• Use the database documentation of your applications to understand how to retrieve information from the database. For Exact Globe click here to find the database documentation. For Exact Synergy Enterprise click here to find the database documentattion.
Enjoy building high performing reports.

Monday, May 3, 2010

What is Optimize for ad hoc workloads option in SQL 2008 and how to configure

The optimize for ad hoc workloads option can improve the overall performance of your SQL Server. This option is introduced in SQL 2008 to improve the efficiency of the plan cache. At the moment a query is started SQL Server will first analyze the query to find the best way to execute the query. This is called the execution plan. In the execution plan information is stored about for instance which index to use to retrieve the data. All execution plans are stored in the plan cache. If a new query is executed, SQL server will look if an execution plan is available for this query in the plan cache. If it is available it will be re-used. This will save the generation of the execution plan. For every execution plan SQL server counts how much time it is used.
With next query you can see the content of the plan cache.

SELECT TOP 50 usecounts, cacheobjtype, objtype, TEXT, CAST(size_in_bytes AS BIGINT)/1024 as Size_in_Kb
FROM sys.dm_exec_cached_plans
CROSS APPLY sys.dm_exec_sql_text(plan_handle)

What you will see is a lot of queries which are executed ones. (Column Usecount = 1). With next query you can retrieve the number of queries and the size in the plan cache which are executed ones:

SELECT COUNT(*), SUM(CAST(size_in_bytes AS BIGINT))/1024 AS Size_in_Kb
FROM sys.dm_exec_cached_plans
CROSS APPLY sys.dm_exec_sql_text(plan_handle)
WHERE usecounts = 1

You will see a big number of queries which are executed ones. Now compare these values with the queries which are executed more than ones.

SELECT COUNT(*), SUM(CAST(size_in_bytes AS BIGINT))/1024 AS Size_in_Kb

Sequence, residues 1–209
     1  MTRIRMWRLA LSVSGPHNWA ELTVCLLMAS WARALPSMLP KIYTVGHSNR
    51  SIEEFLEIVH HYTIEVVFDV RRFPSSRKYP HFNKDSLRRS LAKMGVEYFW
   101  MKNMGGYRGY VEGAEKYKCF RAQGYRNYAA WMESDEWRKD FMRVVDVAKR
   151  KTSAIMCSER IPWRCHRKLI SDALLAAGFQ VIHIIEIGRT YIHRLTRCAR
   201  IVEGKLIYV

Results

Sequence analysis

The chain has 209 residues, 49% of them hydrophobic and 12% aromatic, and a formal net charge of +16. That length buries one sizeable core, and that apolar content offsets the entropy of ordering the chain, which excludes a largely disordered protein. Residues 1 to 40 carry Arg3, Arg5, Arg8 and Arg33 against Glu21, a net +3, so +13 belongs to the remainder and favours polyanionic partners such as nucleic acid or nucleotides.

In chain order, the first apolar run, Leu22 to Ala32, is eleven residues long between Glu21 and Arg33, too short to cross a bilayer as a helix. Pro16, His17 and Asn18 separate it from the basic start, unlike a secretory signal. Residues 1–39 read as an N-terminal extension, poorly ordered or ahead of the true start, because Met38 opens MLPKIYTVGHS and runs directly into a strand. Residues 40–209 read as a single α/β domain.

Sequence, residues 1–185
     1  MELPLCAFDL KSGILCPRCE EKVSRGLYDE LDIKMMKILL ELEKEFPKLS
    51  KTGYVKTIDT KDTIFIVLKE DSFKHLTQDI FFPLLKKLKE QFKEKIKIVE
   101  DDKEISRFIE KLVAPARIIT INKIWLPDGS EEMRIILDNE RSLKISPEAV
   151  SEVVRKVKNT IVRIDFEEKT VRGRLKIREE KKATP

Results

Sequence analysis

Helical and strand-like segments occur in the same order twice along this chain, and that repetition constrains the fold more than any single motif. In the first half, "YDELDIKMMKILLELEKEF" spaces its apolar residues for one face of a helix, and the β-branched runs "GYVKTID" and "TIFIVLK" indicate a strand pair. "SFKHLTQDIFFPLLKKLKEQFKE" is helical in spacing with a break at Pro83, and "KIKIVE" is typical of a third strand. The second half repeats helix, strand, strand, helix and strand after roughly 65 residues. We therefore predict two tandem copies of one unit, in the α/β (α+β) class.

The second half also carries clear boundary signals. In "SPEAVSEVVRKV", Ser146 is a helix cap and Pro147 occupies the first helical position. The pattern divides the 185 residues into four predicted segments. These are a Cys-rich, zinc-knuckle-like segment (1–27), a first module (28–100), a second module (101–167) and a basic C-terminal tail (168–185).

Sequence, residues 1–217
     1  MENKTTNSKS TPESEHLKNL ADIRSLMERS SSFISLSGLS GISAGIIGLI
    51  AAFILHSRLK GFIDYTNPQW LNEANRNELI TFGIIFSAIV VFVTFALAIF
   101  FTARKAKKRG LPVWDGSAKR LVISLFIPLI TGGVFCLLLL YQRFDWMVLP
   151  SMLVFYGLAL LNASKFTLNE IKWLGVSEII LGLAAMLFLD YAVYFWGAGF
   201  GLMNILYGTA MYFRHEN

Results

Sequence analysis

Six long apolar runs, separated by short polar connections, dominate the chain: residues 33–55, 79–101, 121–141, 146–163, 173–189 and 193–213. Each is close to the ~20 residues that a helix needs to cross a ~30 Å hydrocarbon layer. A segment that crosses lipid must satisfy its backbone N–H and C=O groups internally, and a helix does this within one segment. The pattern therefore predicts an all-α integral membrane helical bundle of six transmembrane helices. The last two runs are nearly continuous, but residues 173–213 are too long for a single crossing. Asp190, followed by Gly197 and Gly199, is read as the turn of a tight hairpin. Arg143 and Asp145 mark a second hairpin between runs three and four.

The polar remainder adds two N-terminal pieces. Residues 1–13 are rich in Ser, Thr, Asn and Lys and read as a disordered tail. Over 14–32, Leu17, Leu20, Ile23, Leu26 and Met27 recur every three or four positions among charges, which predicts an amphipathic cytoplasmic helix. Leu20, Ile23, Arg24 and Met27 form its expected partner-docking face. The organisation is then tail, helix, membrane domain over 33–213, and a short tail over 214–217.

FROM sys.dm_exec_cached_plans
CROSS APPLY sys.dm_exec_sql_text(plan_handle)
WHERE usecounts > 1

Because a lot of queries are executed ones it is not so useful to store the full execution plan in the plan cache. The optimize for ad hoc workloads will store a small compiled plan stub in the plan cache when a query is compiled for the first time, instead of the full compiled plan. The compiled plan stub allows the Database Engine to recognize that this ad hoc query has been compiled before but has only stored a compiled plan stub, so when this query is invoked (compiled or executed) again, the Database Engine compiles the query, removes the compiled plan stub from the plan cache, and adds the full compiled plan to the plan cache. One stub plan takes about 0.25 Kb. A full compiled plan is much bigger. For complex queries is can be more than 100 Kb. This is a factor 400 bigger.
Run next query to get an overview of the different cache objects in the plan cache.

SELECT objtype, cacheobjtype,COUNT(*) AS Number_of_plans, SUM(CAST(size_in_bytes AS BIGINT))/1024/1024 AS size_in_MBs,AVG(usecounts) AS avg_use_count, (SUM(CAST(size_in_bytes AS BIGINT))/1024)/COUNT(*) AS average_size
FROM Sys.dm_exec_cached_plans
GROUP BY Objtype, cacheobjtype
ORDER BY Objtype, cacheobjtype

Save the result set of this query. Now we have the plan cache statistics of your server. Now it's time to enable the optimize for ad hoc workloads option. Enable the  optimize for ad hoc workloads option with next query:

'show advanced options',1
SP_CONFIGURE 'optimize for ad hoc workloads',1

Re run the query to get an overview of the different cache objects in the plan cache after a while. Now you will see the number of Compiled plans will be much lower becaues these will only containts queries which are executed more than ones.  The number of Compiled Plan Stub will still be high, however the average size is very small.
Photo credit: HIRATA Yasuyuki